S. 43: Dollar-for-Dollar Deficit Reduction Act

Introduced:
Jan 22, 2013
Status:
Referred to Committee
Prognosis
0% chance of being enacted
Track this bill
Sponsor
Robert “Rob” Portman
Junior Senator from Ohio
Party
Republican
Text
Read Text »
Last Updated
Jan 22, 2013
Length
6 pages
 
Status

This bill was assigned to a congressional committee on January 22, 2013, which will consider it before possibly sending it on to the House or Senate as a whole.

Progress
Introduced Jan 22, 2013
Referred to Committee Jan 22, 2013
Reported by Committee ...
Passed Senate ...
Passed House ...
Signed by the President ...
Prognosis

0% chance of getting past committee.
0% chance of being enacted.

Only 11% of bills made it past committee and only about 3% were enacted in 2011–2013. [show factors | methodology]

 
Full Title

A bill to require that any debt limit increase be balanced by equal spending cuts of the next decade.

Summary

No summaries available.

Cosponsors
29 cosponsors (29R) (show)
Committees

Senate Budget

The committee chair determines whether a bill will move past the committee stage.

 
Primary Source

THOMAS.gov (The Library of Congress)

GovTrack gets most information from THOMAS, which is updated generally one day after events occur. Activity since the last update may not be reflected here. Data comes via the congress project.

Widget

Get a bill status widget for your website »

Citation

Click a format for a citation suggestion:

Notes

S. stands for Senate bill.

A bill must be passed by both the House and Senate in identical form and then be signed by the president to become law.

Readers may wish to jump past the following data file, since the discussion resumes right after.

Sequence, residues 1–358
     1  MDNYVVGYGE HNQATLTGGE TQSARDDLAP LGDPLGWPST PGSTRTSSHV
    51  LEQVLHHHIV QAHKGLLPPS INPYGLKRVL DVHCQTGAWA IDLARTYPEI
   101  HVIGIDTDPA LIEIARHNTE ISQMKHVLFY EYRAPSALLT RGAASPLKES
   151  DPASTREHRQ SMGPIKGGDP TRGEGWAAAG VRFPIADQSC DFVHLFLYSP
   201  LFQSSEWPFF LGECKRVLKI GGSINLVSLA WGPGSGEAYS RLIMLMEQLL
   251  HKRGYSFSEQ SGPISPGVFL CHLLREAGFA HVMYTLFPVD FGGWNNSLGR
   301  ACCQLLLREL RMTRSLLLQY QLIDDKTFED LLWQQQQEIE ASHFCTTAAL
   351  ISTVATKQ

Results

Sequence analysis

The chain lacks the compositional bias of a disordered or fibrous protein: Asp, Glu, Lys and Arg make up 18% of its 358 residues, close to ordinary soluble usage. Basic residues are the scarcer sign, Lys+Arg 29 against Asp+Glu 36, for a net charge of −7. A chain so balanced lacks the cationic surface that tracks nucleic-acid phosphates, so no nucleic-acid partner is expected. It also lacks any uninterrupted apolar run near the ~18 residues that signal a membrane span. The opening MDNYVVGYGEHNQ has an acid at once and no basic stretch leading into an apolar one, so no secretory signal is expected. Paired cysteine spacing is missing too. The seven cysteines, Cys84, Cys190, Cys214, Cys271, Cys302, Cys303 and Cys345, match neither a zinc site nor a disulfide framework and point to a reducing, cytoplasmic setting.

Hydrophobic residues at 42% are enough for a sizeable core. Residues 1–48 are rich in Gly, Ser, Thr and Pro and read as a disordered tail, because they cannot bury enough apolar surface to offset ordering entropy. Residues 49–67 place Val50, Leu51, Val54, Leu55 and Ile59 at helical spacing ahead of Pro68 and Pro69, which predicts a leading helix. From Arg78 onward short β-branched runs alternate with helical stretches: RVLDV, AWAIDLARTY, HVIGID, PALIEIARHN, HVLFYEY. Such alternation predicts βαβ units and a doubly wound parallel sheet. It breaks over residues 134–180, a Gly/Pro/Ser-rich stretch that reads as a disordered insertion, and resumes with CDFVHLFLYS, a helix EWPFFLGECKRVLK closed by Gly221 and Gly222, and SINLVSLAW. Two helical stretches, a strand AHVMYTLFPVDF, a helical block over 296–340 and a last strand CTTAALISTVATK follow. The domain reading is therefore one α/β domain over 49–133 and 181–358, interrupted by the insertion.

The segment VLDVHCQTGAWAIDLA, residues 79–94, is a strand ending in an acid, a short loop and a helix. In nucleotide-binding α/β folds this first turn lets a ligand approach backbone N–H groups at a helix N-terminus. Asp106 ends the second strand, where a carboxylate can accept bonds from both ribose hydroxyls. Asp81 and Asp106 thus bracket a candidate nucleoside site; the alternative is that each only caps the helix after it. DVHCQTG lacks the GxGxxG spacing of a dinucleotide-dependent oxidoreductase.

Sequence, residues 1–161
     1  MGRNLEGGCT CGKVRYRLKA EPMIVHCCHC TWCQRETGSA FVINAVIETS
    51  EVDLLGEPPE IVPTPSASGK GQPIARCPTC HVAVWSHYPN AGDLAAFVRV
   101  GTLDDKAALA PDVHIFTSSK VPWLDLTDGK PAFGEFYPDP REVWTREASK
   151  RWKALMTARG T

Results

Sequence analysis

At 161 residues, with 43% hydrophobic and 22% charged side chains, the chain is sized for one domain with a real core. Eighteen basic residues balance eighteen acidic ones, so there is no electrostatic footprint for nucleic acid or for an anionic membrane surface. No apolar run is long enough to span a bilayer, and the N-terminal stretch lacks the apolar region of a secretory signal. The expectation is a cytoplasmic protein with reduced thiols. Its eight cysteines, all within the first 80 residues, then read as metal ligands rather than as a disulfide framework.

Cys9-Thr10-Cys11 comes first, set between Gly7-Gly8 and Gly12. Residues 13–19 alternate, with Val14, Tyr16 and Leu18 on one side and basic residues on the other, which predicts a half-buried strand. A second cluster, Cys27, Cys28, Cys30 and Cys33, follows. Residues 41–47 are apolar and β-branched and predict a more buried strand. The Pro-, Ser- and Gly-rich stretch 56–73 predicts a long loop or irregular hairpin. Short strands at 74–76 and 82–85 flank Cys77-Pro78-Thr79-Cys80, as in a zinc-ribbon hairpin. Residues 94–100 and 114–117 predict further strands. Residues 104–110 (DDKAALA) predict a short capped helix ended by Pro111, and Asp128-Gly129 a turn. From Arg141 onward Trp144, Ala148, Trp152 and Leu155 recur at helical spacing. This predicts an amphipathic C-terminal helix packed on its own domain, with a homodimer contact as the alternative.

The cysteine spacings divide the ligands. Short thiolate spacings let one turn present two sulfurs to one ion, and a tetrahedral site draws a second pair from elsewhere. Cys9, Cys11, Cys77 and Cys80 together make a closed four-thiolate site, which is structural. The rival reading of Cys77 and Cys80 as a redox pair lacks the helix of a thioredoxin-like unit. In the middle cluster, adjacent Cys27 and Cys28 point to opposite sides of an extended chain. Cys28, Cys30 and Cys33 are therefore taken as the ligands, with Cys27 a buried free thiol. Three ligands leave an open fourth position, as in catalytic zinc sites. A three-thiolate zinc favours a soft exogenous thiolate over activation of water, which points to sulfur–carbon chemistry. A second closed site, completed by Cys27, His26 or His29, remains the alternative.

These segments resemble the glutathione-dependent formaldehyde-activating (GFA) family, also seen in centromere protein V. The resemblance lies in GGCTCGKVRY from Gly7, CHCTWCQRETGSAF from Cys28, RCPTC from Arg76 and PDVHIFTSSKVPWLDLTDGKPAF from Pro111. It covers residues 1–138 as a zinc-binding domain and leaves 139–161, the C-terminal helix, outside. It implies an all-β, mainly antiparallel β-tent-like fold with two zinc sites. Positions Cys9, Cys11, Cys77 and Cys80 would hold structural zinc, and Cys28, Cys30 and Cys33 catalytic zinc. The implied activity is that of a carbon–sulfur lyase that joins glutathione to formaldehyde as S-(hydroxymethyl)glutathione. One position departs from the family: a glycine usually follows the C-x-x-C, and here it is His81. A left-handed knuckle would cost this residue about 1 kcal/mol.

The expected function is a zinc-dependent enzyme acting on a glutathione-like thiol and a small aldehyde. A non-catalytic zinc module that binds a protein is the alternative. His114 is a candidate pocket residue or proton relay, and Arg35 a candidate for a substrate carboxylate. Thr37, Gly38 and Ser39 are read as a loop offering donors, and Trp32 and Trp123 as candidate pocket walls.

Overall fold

The bill’s title was written by its sponsor.

GovTrack’s Bill Summary

We don’t have a summary available yet.

Library of Congress Summary

The summary below was written by the Congressional Research Service, which is a nonpartisan division of the Library of Congress.


1/22/2013--Introduced.
Dollar-for-Dollar Deficit Reduction Act - Requires the Secretary of the Treasury, in the event of a near breach of the current $14.294 trillion public debt limit, to issue a debt limit warning to the Senate Committee on Finance and the House Committee on Ways and Means that includes a determination as to when extraordinary measures may be necessary in order to prolong the funding of the federal government in the absence of a debt limit increase.
Requires any formal presidential request to increase the public debt limit to include the amount of the proposed debt limit increase and be accompanied by proposed legislation to reduce spending over the sum of the current and following 10 years by an amount equal to or greater than the amount of the requested debt limit increase. Prohibits net interest savings from being counted towards the spending reductions.
Amends the Congressional Budget Act of 1974 to make it out of order in both chambers to consider any bill, joint resolution, amendment, motion, or conference report that increases the statutory debt limit unless it contains such net spending reductions.
Prohibits Congress from voting on any measure that increases the public debt limit unless the cost estimate of that measure prepared by the Congressional Budget Office (CBO) has been publicly available on the CBO website for at least 24 hours.
Permits waiver or suspension of this prohibition, or successful appeals from rulings of the Chair, only by an affirmative vote of three-fifths (60) of the Senate.

House Republican Conference Summary

The summary below was written by the House Republican Conference, which is the caucus of Republicans in the House of Representatives.


No summary available.

House Democratic Caucus Summary

The House Democratic Caucus does not provide summaries of bills.

So, yes, we display the House Republican Conference’s summaries when available even if we do not have a Democratic summary available. That’s because we feel it is better to give you as much information as possible, even if we cannot provide every viewpoint.

We’ll be looking for a source of summaries from the other side in the meanwhile.

Use the comment space below for discussion of the merits of S. 43 with other GovTrack users.
Your comments are not read by Congressional staff.

comments powered by Disqus